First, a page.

How to approach Salesforce integration testing

The Salesforce Testing Framework from Capgemini Sogeti Danmark addresses the challenges and issues mentioned above.

First of all the approach towards the integration test is decided based on product risks, and supported by the initial product risk analysis, which is an important part of the Salesforce Testing Framework.

The Salesforce Testing Framework includes the following test types in relation to integration testing:

  • Interface evaluation
  • Interface test
  • End-2-end test

The interface evaluation assesses the documentation/definition of the interface, and can be executed at the functional and the technical levels depending on the availability of the specification document. Possible specifications for evaluating the interface between Salesforce and other systems are:

  • Information on the interface-processing function in Salesforce and the source/target system that lists at least the data elements used as well as additional informations on the way in which the interface processes data (aka protocol)
  • Information on the interface itself
  • The technical interface in intra-process interfaces which is generally realised as forms and the technical interfaces in intra-system interfaces which are often realised with files or XMLl messages.

The testing framework provides different techniques supporting the interface evaluation like different review types, checklists with most common errors in relation to interfaces.

An interface test is the dynamic test that assesses the operation of the interface. It also covers any return information if that information confirms receipt. Often, an interface test can be executed by letting the last function of Salesforce and the first function of the integrated system communicate between themselves. The interface test can be depicted like this:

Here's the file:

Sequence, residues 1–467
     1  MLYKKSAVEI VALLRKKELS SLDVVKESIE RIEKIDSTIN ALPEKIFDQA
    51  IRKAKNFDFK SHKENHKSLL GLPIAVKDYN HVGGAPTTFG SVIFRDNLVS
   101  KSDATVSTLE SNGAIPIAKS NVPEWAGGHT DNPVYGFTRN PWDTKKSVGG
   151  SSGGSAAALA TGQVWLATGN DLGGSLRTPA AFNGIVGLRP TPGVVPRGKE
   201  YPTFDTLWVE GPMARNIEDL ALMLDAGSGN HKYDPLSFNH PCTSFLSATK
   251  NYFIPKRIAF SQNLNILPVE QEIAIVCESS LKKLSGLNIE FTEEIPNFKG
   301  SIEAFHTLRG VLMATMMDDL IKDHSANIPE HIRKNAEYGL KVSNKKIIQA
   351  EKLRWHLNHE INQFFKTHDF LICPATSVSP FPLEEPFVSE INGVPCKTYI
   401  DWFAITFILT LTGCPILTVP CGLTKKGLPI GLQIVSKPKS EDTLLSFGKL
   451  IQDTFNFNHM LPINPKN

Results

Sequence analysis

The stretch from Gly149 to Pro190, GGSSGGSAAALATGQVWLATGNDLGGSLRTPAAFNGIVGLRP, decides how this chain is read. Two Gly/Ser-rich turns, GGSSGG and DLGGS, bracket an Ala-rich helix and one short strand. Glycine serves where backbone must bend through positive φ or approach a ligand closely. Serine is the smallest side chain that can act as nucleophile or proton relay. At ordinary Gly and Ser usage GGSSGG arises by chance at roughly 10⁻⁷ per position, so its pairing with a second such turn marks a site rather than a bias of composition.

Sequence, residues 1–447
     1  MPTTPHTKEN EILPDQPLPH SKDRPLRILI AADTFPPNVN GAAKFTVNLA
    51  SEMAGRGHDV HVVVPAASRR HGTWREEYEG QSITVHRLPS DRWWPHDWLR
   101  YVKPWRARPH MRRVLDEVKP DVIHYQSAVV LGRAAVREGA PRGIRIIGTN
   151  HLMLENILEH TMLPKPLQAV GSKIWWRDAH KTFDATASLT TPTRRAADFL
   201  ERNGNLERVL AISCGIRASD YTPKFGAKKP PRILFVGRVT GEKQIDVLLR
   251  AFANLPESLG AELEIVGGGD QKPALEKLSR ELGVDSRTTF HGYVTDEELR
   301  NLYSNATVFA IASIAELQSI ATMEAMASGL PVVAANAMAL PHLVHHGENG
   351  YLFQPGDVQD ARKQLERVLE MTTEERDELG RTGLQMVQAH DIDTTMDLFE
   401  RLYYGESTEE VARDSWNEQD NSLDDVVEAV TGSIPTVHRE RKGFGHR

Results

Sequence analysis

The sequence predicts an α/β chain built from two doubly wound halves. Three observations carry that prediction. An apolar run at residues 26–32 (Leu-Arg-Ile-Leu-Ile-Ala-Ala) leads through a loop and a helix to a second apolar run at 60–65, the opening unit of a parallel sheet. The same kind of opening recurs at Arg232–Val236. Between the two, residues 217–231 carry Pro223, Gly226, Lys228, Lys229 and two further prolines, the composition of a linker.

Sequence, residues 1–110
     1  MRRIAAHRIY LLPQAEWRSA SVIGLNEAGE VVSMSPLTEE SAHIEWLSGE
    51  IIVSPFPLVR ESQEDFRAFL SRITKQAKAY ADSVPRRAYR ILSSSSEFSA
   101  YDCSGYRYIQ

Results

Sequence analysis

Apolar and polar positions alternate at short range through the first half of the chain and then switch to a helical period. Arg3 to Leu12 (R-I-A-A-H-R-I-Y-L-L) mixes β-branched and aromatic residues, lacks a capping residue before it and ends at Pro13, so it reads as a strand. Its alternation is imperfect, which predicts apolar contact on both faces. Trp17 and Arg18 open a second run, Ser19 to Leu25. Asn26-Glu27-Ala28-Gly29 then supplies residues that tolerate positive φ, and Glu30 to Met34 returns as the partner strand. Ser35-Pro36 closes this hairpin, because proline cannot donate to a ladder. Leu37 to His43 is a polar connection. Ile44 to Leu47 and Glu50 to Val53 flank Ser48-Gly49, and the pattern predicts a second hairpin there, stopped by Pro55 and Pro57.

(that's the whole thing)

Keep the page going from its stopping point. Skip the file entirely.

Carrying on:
It is not always (technically) feasible to start and end the interface test near the system boundaries.

As mentioned above the scope and needed effort in relation to interface testing is decided as part of the analysis of the product risks where integrations are taken into account.

As part of the testing framework different techniques supporting the interface test are provided, like process cycle test (PCT), data cycle test (DCyT), programme interface test (PIT), test charters for exploratory testing and checklists for error guessing.

The end-2-end testing is also a possible part of the testing framework for Salesforce, and it is a dynamic test intended to demonstrate that the consecutive series of systems supports the business process both internally within the company and eventually also external parties.

Closing remarks

Integrated systems are beneficial for both the business and it - by that we eventually can eliminate the redundancy of data, and by that reduce the business risks. Integrated systems also create a challenge in relation to be sure of the reliability of the information and data, and the proper test has to secure that. By using a structured test approach like the one provided with the Testing Framework for Salesforce you will have appropriate support for doing that task with insight and confidence.

Ole Chr. Hansen
Ole Chr. Hansen
Managing Consultant
+45 52 18 94 59
Søren Krabbe
Søren Krabbe
Managing Consultant
+45 52189792